the frame # 2 – object in different positions in the frame

oca-1.2-7This is the exercise where you shoot a subject that is relatively small against a fairly flat background. As Walthamstow is under several flight-paths, it seemed a good idea to  try shooting aeroplanes against a cloudless blue sky. I did this on the same day as I took the ‘movement’ pictures‘ and made the horrible mistake of forgetting that for short exposures, I didn’t need to have the ISO set at its lowest and least sensitive (which was of course needed to be able to take long exposures in bright sunlight). Ah well!

I had with me my Nikon D50 and on it I had a Nikkor AF-G 70-300mm zoom. The intention was to use the zoom at its longest, giving the equivalent of a 450mm lens on a 35mm camera; this meant that I needed to set the shutter speed to at least 1/500th sec to avoid camera shake, leaving me with little option but to have the lens wide open at f5.6. And this, if you look up the lens’ performance on line, means that your pictures will be soft, as zoomed to the max, it needs to be at about f11 before it’s acceptably sharp. this is before you add in the effect of several thousand feet of hazy air. Of course, I could have upped the ISO to 800 and got f11, but I didn’t. Dolt! Idiot! Anyway…

…here’s the results (each individual photos rather than crops of a single picture), in order of (my) preference:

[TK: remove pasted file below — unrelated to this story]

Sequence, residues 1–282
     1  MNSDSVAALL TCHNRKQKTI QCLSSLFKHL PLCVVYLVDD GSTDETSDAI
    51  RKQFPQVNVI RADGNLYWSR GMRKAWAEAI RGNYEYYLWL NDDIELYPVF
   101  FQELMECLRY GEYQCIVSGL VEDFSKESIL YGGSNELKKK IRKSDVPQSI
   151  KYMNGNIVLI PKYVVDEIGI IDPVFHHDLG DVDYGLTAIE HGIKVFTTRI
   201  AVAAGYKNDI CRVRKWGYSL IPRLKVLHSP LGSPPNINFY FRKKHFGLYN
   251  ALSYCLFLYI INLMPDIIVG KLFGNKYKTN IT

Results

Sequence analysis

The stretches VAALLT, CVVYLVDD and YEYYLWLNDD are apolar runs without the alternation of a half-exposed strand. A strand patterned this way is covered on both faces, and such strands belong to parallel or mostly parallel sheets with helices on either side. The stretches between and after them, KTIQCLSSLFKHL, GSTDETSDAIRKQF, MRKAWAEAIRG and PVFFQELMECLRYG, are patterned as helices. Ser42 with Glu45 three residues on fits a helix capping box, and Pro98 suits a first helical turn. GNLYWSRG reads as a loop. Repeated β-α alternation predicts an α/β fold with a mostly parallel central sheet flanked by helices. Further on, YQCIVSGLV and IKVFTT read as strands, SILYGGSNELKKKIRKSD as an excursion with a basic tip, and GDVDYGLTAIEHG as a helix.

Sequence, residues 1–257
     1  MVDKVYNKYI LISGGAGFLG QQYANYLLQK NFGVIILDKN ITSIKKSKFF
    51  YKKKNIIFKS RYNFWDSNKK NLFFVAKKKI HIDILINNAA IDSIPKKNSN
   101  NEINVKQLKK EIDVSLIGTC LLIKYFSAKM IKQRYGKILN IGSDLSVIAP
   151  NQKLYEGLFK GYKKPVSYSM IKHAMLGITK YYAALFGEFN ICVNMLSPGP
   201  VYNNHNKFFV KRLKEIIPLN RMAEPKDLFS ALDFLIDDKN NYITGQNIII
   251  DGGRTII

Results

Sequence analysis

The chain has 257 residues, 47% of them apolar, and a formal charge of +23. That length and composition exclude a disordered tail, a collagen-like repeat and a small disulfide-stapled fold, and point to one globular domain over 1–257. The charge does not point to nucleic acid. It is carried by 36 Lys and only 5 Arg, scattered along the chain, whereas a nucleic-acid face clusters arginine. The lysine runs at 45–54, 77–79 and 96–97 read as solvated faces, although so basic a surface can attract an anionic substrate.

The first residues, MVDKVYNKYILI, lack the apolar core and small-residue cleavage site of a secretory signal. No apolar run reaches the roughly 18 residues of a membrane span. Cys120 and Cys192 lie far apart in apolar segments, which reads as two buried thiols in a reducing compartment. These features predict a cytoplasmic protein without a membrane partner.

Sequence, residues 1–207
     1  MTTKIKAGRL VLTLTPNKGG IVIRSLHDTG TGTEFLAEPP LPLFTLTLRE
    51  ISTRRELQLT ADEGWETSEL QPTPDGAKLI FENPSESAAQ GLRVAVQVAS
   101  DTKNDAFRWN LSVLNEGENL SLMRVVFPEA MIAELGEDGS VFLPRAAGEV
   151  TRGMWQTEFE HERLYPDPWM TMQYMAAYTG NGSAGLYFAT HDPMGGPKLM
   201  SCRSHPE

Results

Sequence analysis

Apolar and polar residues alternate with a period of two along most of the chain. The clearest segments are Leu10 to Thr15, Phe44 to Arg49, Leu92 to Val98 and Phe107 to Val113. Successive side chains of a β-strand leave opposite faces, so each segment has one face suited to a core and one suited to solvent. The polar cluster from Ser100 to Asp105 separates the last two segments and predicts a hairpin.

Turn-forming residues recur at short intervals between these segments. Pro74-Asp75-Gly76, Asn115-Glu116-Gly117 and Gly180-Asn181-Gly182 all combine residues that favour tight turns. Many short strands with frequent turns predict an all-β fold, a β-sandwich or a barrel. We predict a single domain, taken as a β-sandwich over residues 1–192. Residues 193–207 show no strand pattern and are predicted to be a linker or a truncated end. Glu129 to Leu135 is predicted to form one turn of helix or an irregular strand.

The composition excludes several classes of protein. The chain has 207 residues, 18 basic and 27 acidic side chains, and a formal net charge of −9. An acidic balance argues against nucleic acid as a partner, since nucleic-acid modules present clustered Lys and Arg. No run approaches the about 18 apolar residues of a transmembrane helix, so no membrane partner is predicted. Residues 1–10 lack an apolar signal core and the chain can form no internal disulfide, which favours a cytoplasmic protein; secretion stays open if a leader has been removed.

I think the reasons for my ordering them like that are:

  1. Comfortably in the air, with space to fly into…
  2. A sense of ascent somehow – the angle of the fuselage to the bottom of the frame; the space above?
  3. Descending…
  4. A bit meh, but okay – would – might? – work if tighter, and sharper…
  5. Better if nearer the top of the frame
  6. Uncomfortably close to the edge; on a different day (or a different subject) I might like this…

Most of these seem to be based on the sense of narrative given to the the picture, creating a sense of before and after the moment when he picture was taken. The impact is based on how off-balance the picture is, with the “extremely off balance” version (6) and the “equilibrium” versions (4 & 5) working less well that the off-balance-but-not-too-much ones.

Also, even at 1/500th second, it was fairly hard keeping the camera steady enough for focus – 1/1000 would have been better, so I tried tracking several aircraft before I latched onto this one and managed to get more than a couple of pictures with it in the frame where I wanted it before it decreased dramatically in size as it flew off towards Heathrow.

As a last technical note, it’s worth noting that the underside of an aeroplane will be several stops lower (f4 v f16) using “sunny sixteen” exposure calculation making it very hard to get detail on the bottom of the wings, if you can see the fuselage sides and top, particularly if the plane is painted white…

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